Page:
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Reply To: Tips & Tweaks: Lx3, Lx4, Lx5 modes

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#19030

Harrumph
Participant

To me it seems that with proper tweaking any display can be synced in x4,x5 modes with slightly less accurate samplerate, unless of course the display doesn’t like the Total.H.pixel.count in the first place.

This was a hypothesis I had for a while, attempting to ”chase the pixel clock”. I even made a spreadsheet to more easily calculate what samplerate should be to match certain VESA & CEA pixel clocks for various resolutions.
However, my conclusion is that it doesn’t really work like this.
An equally (or perhaps rather more) important factor is the line count, which when different to the standard specs also equates to off-spec horizontal frequency, i.e. it’s not as much about total pixels or vertical refresh, but how fast each line is drawn. Especially CEA 720p and 1080p has sigificantly fewer lines than VESA PC modes, which is probably why the 256-vertical tweak has seen some success.

Some clarification to earlier post: scaling is actually misleading term, line-multiplication is more proper. However, it’s also different for generic and optimized modes.
Generic mode simply samples the analog signal at the full rate which matches the final vertically multiplied target.
Optimized, on the other hand, samples at only the ”base level” i.e. 1x, and set to match the dot rate of a console. In this case, it actually is scaled horizontally, by using pixel repetition.
Interestingly, the pixel repetition can be set to different factor for active vs total portion of signal. E.g., for 256×240 4:3 Lx3 mode, H active area is multiplied (pixels repeated) 4 times, while total area is multiplied 5 times.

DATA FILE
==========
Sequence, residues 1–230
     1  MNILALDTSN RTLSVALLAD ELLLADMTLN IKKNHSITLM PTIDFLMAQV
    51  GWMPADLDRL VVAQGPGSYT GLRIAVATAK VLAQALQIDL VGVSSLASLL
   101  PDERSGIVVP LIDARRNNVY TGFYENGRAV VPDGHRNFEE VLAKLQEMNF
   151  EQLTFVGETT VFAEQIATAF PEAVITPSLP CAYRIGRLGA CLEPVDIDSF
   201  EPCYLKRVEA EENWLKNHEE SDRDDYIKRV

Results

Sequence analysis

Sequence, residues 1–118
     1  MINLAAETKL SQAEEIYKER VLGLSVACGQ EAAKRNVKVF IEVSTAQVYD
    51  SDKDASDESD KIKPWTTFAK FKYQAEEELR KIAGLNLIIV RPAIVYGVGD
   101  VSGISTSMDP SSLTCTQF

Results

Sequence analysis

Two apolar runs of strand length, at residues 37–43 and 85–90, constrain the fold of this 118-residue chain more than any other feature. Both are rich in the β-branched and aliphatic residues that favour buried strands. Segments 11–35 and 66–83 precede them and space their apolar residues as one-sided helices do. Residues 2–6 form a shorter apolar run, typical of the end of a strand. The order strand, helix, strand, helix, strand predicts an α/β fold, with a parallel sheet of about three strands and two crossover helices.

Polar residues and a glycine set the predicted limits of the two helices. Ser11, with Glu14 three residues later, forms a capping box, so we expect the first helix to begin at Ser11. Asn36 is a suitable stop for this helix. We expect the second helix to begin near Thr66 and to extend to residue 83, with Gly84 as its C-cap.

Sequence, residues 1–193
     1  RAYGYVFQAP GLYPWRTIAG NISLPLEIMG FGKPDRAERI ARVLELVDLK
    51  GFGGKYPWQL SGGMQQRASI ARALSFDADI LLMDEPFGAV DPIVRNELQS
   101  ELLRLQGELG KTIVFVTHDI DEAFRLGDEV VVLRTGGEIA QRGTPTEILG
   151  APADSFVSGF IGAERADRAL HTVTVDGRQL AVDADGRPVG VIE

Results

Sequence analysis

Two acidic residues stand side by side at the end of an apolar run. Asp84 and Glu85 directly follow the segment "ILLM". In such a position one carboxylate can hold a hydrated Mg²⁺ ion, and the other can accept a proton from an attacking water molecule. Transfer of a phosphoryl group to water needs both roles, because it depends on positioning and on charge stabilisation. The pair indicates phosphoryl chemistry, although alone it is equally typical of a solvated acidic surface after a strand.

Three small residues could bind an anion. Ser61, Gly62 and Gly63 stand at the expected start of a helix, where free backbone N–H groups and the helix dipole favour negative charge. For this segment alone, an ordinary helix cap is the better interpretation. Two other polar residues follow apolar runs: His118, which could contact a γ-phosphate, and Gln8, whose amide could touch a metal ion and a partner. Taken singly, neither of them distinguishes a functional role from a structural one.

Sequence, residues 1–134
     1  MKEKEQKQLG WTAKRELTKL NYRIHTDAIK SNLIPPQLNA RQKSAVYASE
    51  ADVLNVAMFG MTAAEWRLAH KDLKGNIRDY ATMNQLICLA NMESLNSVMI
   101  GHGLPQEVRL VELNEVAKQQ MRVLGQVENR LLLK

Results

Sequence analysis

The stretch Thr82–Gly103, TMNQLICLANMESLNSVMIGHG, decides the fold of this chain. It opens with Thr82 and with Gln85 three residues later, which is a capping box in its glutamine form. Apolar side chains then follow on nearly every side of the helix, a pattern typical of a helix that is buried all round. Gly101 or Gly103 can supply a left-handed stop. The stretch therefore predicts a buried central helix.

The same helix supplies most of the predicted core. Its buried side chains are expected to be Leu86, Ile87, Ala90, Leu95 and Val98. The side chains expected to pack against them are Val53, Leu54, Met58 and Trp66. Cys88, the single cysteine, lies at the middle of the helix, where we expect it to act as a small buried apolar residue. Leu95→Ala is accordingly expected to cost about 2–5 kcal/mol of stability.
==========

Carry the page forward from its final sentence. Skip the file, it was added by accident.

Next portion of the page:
As I interpret this, this way the active window (as seen by display) and total samplerate conforms more closely to the widescreen format of 720p. In effect, the OSSC creates a “fake” active window of 1280 length, which is only filled by 1024 by the original active signal (“close” to 4:3 aspect). In this way the signal (originally 4:3) is manipulated to output something more similar to a 16:9 signal (the actual picture area is compressed in relation to the total length). This is explained in the “optimal timings” page on the OSSC wiki. (Tbh, this section of the wiki could probably be expanded/clarified even more.)

Example: optimized 256×240 4:3 Lx3 mode
Incoming dot rate, sampled at: 341
Outgoing 341×5 = 1705 (close to 1650 of 720p)
Outgoing H active 256×5 = 1280 (ie resulting active area 1280×720, as expected for 720p)
Actual picture in H active 256×4 = 1024 (resulting display AR 1024/720 = 1,42)

EDIT: was a bit confused regarding the pixel repetition in original reply, and have added an example of how I interpret it to work. I would be happy if someone corrected me on this, because I am not sure I’m understanding it correctly myself.